- Lumbanico The Cubic Planet: Subverted. Many hundred years ago, all Lumbanicians spoke a language called Lumio. The language itself changed but it did not splint into different idioms; and its successor language is also spoken by all Lumbanicians, even though the people who populate the mountains' isolated vales have lived without contact with the outside world for seven centuries.
- Deliberately invoked in Dolton Edwards' 1946 short story Meihem in ce Klasrum. At first glance, the last few sentences are unintelligible gibberish. However, if you read the story carefully, they become completely clear.
- Outlander: When discussing how he knows Claire is not a spy, Jamie points out that she doesn't speak French well enough to be an actual French woman. He does, however, comment that her spoken English is a bit odd as well, despite seeming to be her primary language. This is owed to Claire learning English in the 20th century rather than in the 18th century.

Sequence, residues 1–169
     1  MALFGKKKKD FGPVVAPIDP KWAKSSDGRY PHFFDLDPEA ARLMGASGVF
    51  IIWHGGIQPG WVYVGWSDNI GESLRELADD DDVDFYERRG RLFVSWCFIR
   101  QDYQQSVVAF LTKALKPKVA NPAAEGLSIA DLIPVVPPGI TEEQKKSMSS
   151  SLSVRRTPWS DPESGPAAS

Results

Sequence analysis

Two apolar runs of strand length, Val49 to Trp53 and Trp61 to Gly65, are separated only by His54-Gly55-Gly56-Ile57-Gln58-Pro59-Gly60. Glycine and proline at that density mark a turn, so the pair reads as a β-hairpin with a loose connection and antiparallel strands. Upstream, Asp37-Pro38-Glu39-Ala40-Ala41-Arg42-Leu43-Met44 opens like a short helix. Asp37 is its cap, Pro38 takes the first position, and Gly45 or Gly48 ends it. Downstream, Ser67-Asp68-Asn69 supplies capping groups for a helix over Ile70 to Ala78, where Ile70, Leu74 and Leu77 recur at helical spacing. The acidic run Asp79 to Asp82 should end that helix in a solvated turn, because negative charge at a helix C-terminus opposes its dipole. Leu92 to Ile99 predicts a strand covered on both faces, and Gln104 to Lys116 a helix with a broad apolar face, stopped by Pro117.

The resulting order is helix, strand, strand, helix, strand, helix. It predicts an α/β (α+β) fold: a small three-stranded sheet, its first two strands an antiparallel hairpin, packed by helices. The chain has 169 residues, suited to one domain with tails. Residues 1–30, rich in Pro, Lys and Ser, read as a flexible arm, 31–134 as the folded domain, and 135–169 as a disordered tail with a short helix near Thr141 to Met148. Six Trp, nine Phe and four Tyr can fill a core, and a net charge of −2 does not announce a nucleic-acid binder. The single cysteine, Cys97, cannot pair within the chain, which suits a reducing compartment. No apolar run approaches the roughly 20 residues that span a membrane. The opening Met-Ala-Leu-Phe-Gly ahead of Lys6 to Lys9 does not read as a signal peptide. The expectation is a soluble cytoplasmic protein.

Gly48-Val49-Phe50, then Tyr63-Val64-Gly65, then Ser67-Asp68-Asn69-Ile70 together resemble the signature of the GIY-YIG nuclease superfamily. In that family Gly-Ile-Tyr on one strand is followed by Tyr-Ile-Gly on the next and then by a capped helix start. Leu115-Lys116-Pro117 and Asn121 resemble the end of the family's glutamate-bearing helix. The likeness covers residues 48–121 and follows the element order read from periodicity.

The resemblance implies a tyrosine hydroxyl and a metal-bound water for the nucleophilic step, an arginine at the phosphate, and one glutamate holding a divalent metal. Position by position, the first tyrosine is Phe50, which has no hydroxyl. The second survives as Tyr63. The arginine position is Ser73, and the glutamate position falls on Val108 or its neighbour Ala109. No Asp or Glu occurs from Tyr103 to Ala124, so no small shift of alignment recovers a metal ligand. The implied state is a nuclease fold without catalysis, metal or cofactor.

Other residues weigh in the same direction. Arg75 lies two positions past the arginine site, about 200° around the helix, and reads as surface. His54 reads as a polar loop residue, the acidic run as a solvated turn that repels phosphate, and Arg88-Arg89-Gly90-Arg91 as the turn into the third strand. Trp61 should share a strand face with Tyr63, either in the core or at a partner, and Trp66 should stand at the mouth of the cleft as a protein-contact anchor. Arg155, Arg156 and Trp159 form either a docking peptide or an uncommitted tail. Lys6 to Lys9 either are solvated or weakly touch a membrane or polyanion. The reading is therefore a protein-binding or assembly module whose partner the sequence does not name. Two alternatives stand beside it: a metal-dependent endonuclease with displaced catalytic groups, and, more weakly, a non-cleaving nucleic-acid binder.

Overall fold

- Mentioned in Orson Scott Card's Pastwatch: The Redemption of Christopher Columbus, where time-viewing technology allows one to see and hear anyone who has lived as far back as the beginning of human history. However, the lack of Translator Microbes means that researchers are forced to learn the language of the people they're studying at a specific point in time.
- Pebble in the Sky: The protagonist, Joseph Schwartz, inadvertently steps into the future, where his 20th century English is so different (he says Chicago, they say Chica) that it is unintelligible to all except a few historical linguists. Bel Arvardan recognizes Schwartz's English due to his specialty as a prehistory archeologist.